Linux, politics, and other interesting things
I just wrote about the system administration issues related to the recent Debian SSL/SSH security flaw . The next thing we need to consider is how we can change things to reduce the incidence of such problems.
The problem we just had was due to the most important part of the entropy supply for the random number generator not being used due to a mistake in commenting out some code. The only entropy that was used was the PID number of the process which uses the SSL library code which gives us 15 bits of entropy. It seems to me that if we had zero bits of entropy the problem would have been discovered a lot sooner (almost certainly before the code was released in a stable version). Therefore it seems that using a second-rate source of entropy (which was never required) masked the problem that the primary source of entropy was not working. Would it make sense to have a practice of not using such second-rate sources of entropy to reduce the risk of such problems being undetected for any length of time? Is this a general issue or just a corner case?
Joss makes some suggestions for process improvements . He suggests that having a single .diff.gz file (the traditional method for maintaining Debian packages) that directly contains all patches can obscure some patches. The other extreme is when you have a patch management system with several dozen small patches and the reader has to try and discover what each of them does. For an example of this see the 43 patches which are included in the Debian PAM package for Etch, also note that the PAM system is comprised of many separate shared objects (modules), this means that the patching system lends itself to having one patch per module and thus 43 patches for PAM isn’t as difficult to manage as 43 patches for a complex package which is not comprised of multiple separate components might be. That said I think that there is some potential for separating out patches. Having a distinction between different types of patches might help. For example we could have a patch for Makefiles etc (including autoconf etc), a patch for adding features, and a patch for fixing bugs. Then people reviewing the source for potential bugs could pay a lot of attention to bug fixes, a moderate amount of attention to new features, and casually skim the Makefile stuff.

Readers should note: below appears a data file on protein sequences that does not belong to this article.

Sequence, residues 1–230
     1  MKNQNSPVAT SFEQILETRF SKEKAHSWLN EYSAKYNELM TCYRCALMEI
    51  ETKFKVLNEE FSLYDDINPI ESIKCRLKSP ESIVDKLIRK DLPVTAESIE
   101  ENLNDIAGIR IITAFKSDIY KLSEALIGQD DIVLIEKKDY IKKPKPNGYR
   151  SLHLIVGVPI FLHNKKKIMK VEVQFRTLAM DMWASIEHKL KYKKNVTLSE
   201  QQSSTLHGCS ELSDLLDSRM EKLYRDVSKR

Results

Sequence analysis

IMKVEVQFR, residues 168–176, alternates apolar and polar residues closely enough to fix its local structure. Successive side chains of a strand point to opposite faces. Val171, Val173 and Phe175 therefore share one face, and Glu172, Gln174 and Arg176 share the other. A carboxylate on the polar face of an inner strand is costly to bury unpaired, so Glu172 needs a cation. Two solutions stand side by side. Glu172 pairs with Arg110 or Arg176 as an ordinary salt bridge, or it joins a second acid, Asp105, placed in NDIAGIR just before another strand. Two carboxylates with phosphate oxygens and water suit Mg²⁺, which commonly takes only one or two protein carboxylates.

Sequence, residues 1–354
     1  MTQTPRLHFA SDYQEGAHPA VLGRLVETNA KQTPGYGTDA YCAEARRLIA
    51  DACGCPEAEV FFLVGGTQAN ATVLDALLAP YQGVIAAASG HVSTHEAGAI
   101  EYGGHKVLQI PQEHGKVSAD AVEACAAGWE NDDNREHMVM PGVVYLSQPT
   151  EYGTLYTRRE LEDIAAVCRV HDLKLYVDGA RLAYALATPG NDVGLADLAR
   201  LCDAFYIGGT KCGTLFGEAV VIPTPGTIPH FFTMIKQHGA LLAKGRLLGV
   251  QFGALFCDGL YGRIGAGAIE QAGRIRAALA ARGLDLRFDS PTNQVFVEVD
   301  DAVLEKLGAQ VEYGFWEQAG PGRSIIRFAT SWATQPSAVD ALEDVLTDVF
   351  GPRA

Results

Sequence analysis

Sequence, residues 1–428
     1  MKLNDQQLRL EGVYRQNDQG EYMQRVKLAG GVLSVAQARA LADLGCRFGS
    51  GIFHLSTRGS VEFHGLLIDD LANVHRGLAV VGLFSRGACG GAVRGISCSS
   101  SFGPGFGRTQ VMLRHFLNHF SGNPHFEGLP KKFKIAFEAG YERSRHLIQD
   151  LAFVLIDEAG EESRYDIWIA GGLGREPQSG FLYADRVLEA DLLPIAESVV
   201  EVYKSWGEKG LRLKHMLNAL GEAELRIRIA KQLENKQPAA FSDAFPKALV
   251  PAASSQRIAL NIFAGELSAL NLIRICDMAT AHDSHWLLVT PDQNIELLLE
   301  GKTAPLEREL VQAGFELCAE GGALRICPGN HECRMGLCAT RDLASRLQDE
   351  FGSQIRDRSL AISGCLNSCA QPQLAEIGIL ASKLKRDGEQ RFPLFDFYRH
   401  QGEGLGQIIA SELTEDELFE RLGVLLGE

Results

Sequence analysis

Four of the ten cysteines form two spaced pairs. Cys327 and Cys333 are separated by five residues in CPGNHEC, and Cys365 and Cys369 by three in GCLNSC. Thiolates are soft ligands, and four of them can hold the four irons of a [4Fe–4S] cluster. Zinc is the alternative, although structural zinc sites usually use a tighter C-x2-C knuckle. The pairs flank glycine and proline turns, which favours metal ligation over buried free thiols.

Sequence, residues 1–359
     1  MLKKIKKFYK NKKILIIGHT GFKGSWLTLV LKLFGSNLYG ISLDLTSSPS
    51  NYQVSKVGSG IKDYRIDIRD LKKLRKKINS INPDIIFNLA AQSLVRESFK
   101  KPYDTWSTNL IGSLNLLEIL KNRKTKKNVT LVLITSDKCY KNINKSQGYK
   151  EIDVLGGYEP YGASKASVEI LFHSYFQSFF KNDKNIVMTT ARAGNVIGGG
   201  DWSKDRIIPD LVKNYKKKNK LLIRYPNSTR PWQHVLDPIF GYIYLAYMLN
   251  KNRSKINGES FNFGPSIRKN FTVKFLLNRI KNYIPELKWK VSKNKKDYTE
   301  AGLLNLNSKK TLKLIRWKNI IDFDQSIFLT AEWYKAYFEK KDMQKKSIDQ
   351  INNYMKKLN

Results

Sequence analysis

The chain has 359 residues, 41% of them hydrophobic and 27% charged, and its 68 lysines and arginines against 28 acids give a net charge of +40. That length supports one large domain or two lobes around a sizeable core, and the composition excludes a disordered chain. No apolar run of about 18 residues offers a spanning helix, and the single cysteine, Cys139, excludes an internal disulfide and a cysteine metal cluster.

The problem began with this mailing list discussion . Kurt’s first message starts with “When debbuging applications” and ends with “What do you people think about removing those 2 lines of code?“. The reply he received from Ulf (a member of the OpenSSL development team) is “If it helps with debugging, I’m in favor of removing them“. It seems to me that there might have been a miscommunication there, Ulf may have believed that the discussion only concerned a debugging built and not a build that would eventually end up on millions of machines.
It seems possible that the reaction would have been different if Kurt had mentioned that he wanted to have a single source tree for both debugging and for regular use. It also seems likely that his proposed change may have received more inspection if he had clearly stated that he was doing to include it in Debian where it would be used by millions of people. When I am doing Debian development I generally don’t mention all the time “this code will be used by millions of people so it’s important that we get it right“, although I do sometimes make such statements if I feel that my questions are not getting the amount of consideration from upstream that a binary package destined for use by millions of people deserves. Maybe it would be a good practice to clarify such things in the case of important packages. For a package that is relevant to the security of the entire distribution (and possibly to other machines around the net – as demonstrated in this case) it doesn’t seem unreasonable to include a post-script mentioning the scope of the code use (it could be done with an alternate SIG if using a MUA that allows selecting from multiple SIGs in a convenient manner).
In the response from the OpenSSL upstream  it is claimed that the mailing list used was not the correct one. Branden points out that the openssl-team mailing list address seems not to be documented anywhere . One thing to be learned from this is that distribution developers need to be proactive in making contact with upstream developers. You might think that building packages for a major distribution and asking questions about it on the mailing list would result in someone from the team noticing and mentioning any other things that you might need to do. But maybe it would make sense to send private mail to one of the core developers, introduce yourself, and ask for advice on the best way to manage communication to avoid this type of confusion.
I think that it is ideal for distribution developers to have the phone numbers of some of the upstream developers. If the upstream work is sponsored by the employer of one of the upstream developers then it seems reasonable to ask for their office phone number. Sometimes it’s easier to sort things out by phone than by email.
Gunnar Wolf describes how the way this bug was discovered and handled shows that the Debian processes work . A similar bug in proprietary software would probably not be discovered nearly as quickly and would almost certainly not be fixed in such a responsible manner.
Update: According to the OpenSSL project about page , Ulf is actually not a “core” member, just a team member. I had used the term “core” in a slang manner based on the fact that Ulf has an official @openssl.org email address.
Multipurpose Blog Theme By BuyWPTemplate